People click links all day. Sometimes because a colleague saw something they want to share, sometimes from search results (or ads), sometimes a cute cat picture with a thousand upvotes from a site like reddit, sometimes from phishing emails.

There are a lot of ways an attacker can get you to click a link. Let's pick the cat picture: For those thousand other people that upvoted the cute cat picture, it was harmless. Until someone clicks whose company uses the amazing intranet website that doesn't follow the OWASP guidelines.

Clicking links to malicious pages should be mostly harmless: the regular updates for your browser keep it secure and don't allow the website to access the rest of your computer. That's why it's so easy to make you click a link, because it is "mostly harmless". But that doesn't mean that having a page, that runs JavaScript code, inside the target company network is not an advantage to the attacker.

The page with the cat picture could contain something like this:

1. <img src=cute_cat.jpg>
2. <iframe name=hiddenframe style='display:none'></iframe>
3. <form action='http://intranet.local/addUser.php?username=joseph&password=123456' id=myform target='hiddenframe'>
4.     <input type=submit style='display:none'>
5. </form>
6. <script> document.getElementById('myform').submit() </script>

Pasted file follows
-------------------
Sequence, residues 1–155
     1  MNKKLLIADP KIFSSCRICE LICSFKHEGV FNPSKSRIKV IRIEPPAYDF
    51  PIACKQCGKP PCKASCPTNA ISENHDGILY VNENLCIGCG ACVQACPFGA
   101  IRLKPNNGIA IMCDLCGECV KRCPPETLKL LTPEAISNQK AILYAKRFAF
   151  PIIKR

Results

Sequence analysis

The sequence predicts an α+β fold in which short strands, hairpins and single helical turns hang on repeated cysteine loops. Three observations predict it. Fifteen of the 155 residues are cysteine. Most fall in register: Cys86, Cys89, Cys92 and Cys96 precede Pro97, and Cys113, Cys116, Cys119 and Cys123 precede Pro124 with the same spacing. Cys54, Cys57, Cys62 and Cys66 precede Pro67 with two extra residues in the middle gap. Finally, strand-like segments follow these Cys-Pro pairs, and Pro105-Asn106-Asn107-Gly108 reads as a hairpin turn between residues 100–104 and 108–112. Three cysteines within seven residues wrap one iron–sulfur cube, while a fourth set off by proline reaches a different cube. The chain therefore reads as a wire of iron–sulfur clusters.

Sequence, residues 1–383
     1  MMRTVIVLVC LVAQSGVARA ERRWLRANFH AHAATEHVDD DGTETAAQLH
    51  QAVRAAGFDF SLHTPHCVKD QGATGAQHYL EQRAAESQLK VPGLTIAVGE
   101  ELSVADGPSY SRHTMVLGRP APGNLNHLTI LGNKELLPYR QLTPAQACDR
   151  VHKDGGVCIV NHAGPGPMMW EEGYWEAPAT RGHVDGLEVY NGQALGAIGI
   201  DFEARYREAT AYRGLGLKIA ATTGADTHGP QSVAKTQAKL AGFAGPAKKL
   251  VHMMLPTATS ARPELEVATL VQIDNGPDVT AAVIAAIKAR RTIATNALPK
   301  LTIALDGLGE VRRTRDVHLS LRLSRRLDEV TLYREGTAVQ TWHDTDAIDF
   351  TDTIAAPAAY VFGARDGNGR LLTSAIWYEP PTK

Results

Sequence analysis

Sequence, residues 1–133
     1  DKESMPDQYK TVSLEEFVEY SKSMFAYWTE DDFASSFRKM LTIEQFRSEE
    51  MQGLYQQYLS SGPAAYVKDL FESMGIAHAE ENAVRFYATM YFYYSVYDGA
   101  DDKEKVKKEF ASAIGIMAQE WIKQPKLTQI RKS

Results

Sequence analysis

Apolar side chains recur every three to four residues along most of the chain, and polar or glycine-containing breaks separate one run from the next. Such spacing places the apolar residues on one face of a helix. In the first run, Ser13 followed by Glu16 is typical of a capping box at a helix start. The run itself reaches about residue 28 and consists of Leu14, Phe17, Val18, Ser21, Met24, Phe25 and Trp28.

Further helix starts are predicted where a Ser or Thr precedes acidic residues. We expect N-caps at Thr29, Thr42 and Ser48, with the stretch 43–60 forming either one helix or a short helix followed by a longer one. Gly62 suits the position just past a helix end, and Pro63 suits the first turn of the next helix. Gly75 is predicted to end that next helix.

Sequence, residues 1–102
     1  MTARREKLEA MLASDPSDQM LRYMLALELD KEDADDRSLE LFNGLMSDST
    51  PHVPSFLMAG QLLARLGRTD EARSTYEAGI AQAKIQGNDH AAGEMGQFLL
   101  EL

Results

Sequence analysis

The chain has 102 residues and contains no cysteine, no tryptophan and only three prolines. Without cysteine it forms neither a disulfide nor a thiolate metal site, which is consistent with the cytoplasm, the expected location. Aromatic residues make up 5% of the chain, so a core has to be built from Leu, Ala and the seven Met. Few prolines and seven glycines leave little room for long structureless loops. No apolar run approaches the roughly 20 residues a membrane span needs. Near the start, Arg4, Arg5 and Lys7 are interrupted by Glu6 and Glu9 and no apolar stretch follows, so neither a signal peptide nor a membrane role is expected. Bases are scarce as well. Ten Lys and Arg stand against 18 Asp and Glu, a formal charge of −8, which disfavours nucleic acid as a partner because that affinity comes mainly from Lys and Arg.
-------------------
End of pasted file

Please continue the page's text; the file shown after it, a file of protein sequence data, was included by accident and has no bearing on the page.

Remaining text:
Upon opening the page, completely invisibly, this will be able to call the addUser.php page on your intranet application. If you are logged in (as you typically are while at work), the browser will happily add your login cookie (containing the session token by which the intranet recognizes that you are you). The attacker now has an account on your system. For people without the intranet application, it will just do nothing.

This is an example of a Cross-Site Request Forgery (CSRF) attack (plus a few other bad practices), which following the OWASP guidelines would prevent. A brief overview of what this code does:

  1. Show the cat picture to make the page seem harmless
  2. Add a hidden frame (sub-page) in which the intranet page will load.
  3. Add a form that will submit to your intranet, calling the addUser page with some username and password, picked by the attacker.